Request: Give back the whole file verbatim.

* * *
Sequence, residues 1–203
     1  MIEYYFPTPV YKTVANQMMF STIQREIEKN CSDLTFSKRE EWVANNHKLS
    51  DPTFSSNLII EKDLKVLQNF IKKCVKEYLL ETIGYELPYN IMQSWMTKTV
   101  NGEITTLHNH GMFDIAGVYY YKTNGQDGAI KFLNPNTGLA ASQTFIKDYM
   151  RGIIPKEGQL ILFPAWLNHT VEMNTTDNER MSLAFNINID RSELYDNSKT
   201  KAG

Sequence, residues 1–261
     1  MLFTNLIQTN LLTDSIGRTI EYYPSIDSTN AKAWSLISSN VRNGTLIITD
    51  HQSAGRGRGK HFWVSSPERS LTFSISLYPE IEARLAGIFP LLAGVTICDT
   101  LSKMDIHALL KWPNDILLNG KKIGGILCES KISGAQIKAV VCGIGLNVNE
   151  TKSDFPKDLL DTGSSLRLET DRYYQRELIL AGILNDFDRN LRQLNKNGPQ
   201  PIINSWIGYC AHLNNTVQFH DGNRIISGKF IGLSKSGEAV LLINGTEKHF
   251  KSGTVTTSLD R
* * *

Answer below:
Sequence, residues 1–203
     1  MIEYYFPTPV YKTVANQMMF STIQREIEKN CSDLTFSKRE EWVANNHKLS
    51  DPTFSSNLII EKDLKVLQNF IKKCVKEYLL ETIGYELPYN IMQSWMTKTV
   101  NGEITTLHNH GMFDIAGVYY YKTNGQDGAI KFLNPNTGLA ASQTFIKDYM
   151  RGIIPKEGQL ILFPAWLNHT VEMNTTDNER MSLAFNINID RSELYDNSKT
   201  KAG

Sequence, residues 1–261
     1  MLFTNLIQTN LLTDSIGRTI EYYPSIDSTN AKAWSLISSN VRNGTLIITD
    51  HQSAGRGRGK HFWVSSPERS LTFSISLYPE IEARLAGIFP LLAGVTICDT
   101  LSKMDIHALL KWPNDILLNG KKIGGILCES KISGAQIKAV VCGIGLNVNE
   151  TKSDFPKDLL DTGSSLRLET DRYYQRELIL AGILNDFDRN LRQLNKNGPQ
   201  PIINSWIGYC AHLNNTVQFH DGNRIISGKF IGLSKSGEAV LLINGTEKHF
   251  KSGTVTTSLD R